As you research used car prices, look for regional variations. Setting your target price based on the national average of the car you want to buy could throw a wrench into your haggling. You could end up offering more than you should or too little for your area and stall the haggling process before it even gets started.
5: Know the Impact of Mileage and Options
Compared to used cars, new car pricing is easy because all new cars have the same number of miles: basically zero. They also have a set price for their features and options. Two used cars that are the same year and make, for example, can have vastly different miles on them and different features.
Before you negotiate on a used car price, understand how mileage impacts used car prices. The more miles a car has, the less you should pay. Similarly, a fully kitted out used vehicle with all the bells and whistles will command more money than the same model with just the basics. If you don’t need a lot of car tech, you can score a deal by looking for a stripped down model. Also, if you are looking at buying an automobile with a lot of miles on it, you can use that to try and get the seller to lower the price. Look at the prices on cars of the same make and model with similar mileage to bolster your case.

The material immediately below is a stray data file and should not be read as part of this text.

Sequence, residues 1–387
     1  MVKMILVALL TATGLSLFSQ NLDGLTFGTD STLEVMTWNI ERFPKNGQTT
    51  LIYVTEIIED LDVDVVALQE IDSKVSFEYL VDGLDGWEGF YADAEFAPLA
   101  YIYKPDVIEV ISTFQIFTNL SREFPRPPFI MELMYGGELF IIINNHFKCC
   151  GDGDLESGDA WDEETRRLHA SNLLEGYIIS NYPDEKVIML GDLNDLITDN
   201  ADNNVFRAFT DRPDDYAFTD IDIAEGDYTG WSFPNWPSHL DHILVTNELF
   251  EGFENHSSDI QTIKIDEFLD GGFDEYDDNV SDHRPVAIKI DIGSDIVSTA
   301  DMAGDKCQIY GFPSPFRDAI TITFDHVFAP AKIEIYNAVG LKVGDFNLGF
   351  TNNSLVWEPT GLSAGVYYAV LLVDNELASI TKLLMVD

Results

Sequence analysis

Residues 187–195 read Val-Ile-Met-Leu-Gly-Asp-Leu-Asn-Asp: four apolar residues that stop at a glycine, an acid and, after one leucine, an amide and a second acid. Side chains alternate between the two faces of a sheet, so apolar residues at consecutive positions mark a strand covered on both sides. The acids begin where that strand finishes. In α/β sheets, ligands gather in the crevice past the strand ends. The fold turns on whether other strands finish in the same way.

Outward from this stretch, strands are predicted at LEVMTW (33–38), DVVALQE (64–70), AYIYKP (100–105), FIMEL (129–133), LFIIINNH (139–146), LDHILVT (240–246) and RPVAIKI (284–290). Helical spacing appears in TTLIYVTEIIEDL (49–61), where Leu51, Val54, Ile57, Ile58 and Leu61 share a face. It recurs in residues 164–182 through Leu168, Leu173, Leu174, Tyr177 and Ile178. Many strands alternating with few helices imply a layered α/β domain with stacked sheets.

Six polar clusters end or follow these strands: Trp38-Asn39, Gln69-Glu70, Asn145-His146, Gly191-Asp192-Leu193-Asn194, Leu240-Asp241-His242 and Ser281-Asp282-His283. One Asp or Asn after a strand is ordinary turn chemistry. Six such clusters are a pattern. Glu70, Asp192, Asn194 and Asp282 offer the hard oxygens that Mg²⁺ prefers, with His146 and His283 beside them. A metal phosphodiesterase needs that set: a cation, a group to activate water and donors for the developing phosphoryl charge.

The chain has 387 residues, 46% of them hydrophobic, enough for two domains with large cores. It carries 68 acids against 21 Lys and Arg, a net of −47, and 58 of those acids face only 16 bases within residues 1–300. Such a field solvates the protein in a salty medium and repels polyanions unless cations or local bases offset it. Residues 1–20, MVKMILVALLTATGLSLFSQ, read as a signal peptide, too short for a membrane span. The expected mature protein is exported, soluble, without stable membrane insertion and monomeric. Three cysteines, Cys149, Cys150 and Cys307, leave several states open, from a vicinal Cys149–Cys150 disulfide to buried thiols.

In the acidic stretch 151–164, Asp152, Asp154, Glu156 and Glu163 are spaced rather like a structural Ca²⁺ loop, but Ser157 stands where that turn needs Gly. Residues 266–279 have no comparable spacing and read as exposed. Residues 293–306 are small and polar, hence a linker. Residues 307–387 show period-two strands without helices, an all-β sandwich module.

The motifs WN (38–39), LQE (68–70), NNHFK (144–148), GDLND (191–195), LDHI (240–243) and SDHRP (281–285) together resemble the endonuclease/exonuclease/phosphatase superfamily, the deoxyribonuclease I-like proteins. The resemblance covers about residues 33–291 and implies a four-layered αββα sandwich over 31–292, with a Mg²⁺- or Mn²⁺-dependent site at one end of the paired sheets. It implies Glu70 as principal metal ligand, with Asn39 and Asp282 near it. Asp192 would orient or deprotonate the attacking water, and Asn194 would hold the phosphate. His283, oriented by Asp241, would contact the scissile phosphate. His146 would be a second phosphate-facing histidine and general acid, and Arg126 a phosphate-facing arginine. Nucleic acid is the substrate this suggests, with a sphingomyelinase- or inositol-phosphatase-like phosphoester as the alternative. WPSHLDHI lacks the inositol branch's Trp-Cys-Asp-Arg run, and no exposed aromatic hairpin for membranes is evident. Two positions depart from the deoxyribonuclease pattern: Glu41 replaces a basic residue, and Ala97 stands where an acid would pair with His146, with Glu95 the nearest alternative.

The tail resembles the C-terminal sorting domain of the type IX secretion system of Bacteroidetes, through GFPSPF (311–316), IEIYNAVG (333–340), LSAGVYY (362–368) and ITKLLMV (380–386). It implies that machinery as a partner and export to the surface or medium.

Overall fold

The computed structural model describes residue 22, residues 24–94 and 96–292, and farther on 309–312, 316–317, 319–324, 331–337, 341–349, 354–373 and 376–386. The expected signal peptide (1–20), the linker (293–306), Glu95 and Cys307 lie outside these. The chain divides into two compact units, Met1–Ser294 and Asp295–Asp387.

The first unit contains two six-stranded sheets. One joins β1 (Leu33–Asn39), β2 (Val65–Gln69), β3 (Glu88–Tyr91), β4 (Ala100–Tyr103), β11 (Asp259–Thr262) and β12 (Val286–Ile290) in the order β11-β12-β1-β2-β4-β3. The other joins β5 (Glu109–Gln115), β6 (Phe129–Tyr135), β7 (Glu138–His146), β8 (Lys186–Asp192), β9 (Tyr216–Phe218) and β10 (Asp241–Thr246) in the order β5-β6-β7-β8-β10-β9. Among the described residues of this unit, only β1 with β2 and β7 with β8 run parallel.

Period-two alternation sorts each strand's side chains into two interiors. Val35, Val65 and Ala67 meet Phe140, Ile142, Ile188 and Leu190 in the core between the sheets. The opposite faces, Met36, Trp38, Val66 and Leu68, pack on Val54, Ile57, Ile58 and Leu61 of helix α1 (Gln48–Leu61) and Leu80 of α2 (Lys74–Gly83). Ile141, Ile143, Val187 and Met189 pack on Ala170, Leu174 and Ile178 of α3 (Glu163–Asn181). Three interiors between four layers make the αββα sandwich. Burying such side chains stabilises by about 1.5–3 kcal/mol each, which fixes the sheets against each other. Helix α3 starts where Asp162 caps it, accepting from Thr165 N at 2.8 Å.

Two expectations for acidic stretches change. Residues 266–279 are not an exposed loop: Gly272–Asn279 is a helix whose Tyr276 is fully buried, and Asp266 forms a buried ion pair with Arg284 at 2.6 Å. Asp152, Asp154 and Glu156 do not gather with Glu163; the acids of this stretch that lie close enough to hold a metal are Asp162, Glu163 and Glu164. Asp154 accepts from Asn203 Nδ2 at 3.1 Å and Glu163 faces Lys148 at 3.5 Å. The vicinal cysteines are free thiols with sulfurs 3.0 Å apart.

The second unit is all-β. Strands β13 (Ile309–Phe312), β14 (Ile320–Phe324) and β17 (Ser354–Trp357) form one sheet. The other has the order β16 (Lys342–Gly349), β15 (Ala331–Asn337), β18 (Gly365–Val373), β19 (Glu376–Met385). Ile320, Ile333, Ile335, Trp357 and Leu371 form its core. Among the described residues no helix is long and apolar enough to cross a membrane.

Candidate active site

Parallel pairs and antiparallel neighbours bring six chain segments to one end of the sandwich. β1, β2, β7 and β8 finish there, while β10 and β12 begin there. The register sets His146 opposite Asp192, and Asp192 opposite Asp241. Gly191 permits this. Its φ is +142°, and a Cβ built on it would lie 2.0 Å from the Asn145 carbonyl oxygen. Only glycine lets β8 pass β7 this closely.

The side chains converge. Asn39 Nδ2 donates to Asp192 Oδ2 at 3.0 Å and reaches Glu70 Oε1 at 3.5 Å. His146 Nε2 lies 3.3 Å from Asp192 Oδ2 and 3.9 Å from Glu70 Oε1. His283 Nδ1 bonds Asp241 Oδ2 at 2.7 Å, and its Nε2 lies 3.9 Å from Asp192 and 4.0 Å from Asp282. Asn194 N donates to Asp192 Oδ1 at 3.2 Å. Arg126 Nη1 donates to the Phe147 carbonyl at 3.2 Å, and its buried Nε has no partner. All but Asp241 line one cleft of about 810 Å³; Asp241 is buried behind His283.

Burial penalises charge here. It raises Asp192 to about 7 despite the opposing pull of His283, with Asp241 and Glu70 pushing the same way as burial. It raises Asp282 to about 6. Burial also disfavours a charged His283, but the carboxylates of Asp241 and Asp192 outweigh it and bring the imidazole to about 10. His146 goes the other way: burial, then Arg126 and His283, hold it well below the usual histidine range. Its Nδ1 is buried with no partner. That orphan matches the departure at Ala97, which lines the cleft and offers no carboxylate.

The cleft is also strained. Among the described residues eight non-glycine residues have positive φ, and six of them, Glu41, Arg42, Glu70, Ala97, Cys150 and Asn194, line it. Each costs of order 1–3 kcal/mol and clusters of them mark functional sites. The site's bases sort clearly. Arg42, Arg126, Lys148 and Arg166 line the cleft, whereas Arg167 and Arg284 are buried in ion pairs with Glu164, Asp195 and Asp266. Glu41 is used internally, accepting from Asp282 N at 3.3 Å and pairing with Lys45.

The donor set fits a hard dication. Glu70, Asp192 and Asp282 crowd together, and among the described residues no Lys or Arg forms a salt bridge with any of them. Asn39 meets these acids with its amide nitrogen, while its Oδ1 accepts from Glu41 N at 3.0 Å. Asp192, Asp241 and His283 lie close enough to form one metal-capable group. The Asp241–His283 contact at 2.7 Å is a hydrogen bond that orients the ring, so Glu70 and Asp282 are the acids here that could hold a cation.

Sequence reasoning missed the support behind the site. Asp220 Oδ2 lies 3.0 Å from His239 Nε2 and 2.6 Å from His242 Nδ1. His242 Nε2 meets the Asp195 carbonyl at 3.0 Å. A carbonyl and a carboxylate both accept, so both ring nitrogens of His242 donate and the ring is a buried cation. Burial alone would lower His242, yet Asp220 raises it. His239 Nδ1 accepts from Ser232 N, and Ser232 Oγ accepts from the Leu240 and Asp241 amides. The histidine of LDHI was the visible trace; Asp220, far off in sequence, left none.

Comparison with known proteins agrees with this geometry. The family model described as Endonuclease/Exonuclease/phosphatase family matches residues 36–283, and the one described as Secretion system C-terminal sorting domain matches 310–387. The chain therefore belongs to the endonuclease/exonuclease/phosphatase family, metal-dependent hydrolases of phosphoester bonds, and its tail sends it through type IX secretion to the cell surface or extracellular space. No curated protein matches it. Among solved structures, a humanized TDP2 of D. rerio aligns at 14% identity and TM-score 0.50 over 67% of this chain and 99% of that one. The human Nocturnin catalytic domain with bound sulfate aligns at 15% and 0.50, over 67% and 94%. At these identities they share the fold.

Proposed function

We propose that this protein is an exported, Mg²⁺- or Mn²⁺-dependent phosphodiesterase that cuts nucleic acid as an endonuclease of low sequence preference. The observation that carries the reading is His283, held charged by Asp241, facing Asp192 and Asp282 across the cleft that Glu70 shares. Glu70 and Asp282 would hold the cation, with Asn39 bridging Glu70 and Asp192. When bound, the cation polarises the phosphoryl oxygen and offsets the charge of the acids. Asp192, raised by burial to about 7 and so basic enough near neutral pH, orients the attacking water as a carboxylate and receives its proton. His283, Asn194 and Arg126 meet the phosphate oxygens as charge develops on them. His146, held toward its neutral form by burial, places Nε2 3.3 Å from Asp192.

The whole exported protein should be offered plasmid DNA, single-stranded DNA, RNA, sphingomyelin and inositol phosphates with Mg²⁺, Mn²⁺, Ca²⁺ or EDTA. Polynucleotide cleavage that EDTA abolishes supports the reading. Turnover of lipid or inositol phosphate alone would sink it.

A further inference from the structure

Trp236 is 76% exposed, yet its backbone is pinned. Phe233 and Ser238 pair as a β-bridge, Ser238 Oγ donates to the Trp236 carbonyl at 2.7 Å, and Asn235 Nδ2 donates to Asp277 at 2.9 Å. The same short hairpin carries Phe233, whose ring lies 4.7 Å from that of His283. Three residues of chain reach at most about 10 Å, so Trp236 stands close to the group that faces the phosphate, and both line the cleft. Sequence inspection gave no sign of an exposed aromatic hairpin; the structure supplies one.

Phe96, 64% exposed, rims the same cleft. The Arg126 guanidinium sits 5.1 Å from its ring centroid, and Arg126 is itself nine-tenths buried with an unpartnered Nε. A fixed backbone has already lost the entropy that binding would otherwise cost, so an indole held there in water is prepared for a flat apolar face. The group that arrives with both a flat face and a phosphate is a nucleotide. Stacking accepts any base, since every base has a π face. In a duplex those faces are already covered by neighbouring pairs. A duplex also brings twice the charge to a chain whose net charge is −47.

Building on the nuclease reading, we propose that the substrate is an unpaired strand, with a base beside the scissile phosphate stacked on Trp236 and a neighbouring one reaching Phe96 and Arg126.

4: Where You Buy Impacts What You’ll Pay
Part of haggling the price of a used car is understanding the seller’s costs. While you’re trying to get the best deal, the seller is trying to make the most money. When you’re dealing with a private seller, you can often get a lower price on the same car because a private seller doesn’t have a lot of costs associated with selling. On the other hand, a dealership has to pay for things like utilities, staffing costs, advertising and other overhead. Keeping the seller’s costs in mind will make you a better negotiator because you’ll be able to understand where the other side is coming from. You’ll also be able to shop around for the seller with the right combination of price and services for you.
3: Use the Inspection to Your Advantage